A Chip on Your Shoulder
Being angry about something that happened in the past; a grudge.


A Dime a Dozen
When something is extremely common and simple to acquire.


A Fool and His Money Are Soon Parted
Someone acting foolish can easily lose his or her money through carelessness or trickery.


A Piece of Cake
A task that is simple to complete; similar to the common phrase "as easy as pie."


All Greek To Me
When something is incomprehensible due to complexity.


An Arm and a Leg
Something that is extremely expensive; an idiom meaning the price paid was costly, excessively so.
Back to Square One
To go back to the beginning; a popular saying that suggests a person has to start over.


Back To the Drawing Board
Similar to the phrase above, it means starting over again from a previously failed attempt.


Barking Up The Wrong Tree
To make a wrong assumption about something.


Beating Around the Bush
Avoiding the main point; a common phrase meaning a person is failing to get to the bottom line.


Beating a Dead Horse
Something that is seen as futile; a popular saying used to describe how bringing up older issues that have already been resolved is pointless.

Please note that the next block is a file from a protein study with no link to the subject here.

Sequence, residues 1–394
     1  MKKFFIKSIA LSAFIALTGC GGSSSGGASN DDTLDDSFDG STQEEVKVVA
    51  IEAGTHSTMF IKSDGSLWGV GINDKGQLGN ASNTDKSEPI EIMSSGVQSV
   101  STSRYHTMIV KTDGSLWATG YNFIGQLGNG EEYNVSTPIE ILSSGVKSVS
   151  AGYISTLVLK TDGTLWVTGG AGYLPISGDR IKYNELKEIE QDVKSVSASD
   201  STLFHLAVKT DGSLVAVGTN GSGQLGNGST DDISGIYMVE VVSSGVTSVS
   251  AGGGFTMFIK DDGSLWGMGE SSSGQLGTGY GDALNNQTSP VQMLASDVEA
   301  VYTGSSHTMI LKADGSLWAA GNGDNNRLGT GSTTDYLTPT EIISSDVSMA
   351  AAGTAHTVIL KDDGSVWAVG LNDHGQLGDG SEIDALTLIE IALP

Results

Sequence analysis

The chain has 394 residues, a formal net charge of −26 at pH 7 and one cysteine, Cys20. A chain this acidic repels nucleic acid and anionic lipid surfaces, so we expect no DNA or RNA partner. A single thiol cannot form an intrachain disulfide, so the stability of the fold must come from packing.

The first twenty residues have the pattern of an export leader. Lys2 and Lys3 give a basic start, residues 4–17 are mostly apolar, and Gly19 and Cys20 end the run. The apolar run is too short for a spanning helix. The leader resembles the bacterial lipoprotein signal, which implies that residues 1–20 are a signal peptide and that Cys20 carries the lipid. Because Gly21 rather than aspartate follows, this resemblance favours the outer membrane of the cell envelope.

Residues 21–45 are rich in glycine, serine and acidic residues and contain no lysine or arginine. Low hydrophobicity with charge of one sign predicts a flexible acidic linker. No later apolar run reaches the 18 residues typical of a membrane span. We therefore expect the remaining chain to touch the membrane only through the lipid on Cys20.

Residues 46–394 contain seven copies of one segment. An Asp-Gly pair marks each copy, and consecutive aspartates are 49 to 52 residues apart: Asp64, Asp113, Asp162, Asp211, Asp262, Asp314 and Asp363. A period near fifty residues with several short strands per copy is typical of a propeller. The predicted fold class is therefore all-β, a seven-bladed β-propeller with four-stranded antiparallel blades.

Between a Rock and a Hard Place
Being faced with two difficult choices; a dilemma.


Break The Ice
Breaking down a social stiffness or awkardness.


Burst Your Bubble
To ruin someone's happy moment or mood, usually by telling them disappointing news or information.

Close But No Cigar
Coming close to a successful outcome only to fall short at the end.


Cry Over Spilt Milk
One shouldn't worry over things that have already happenend and that cannot be changed.


Cry Wolf
Lying; a common phrase meaning someone is calling for help when it's not really needed.


Cup Of Joe
A cup of joe is an American nickname for a cup of coffee.


Curiosity Killed The Cat
An idiom meaning mind your own business, as too much poking and prodding could lead to harm.


Cut The Mustard
Meeting expectations; used as a way to describe how someoneone has met the required standards that were set.


Cut To The Chase
To get to the point, leaving out all of the unnecessary details. Similar to popular sayings such as "beating around the bush."
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Find common phrases and sayings, learn their meanings, and discover their origins!
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How many phrases and sayings can you think of? The total number of phrases used around the world is quite staggering, yet you might only be able to name a few. There are even times where a person will utter them during conversations without fully realizing it, or at least, that seems to be the case for me.

Phrases are rather interesting and they add flavor to our language, but with so many of them existing today, there's a chance you will run into some that you are not familiar with. Then you're left to ask: "What does that even mean?" Well, that's what Know Your Phrase is for! This is a simple website that has the meanings for many idioms and phrases, as well as some information about where your favorite expressions may have originated from.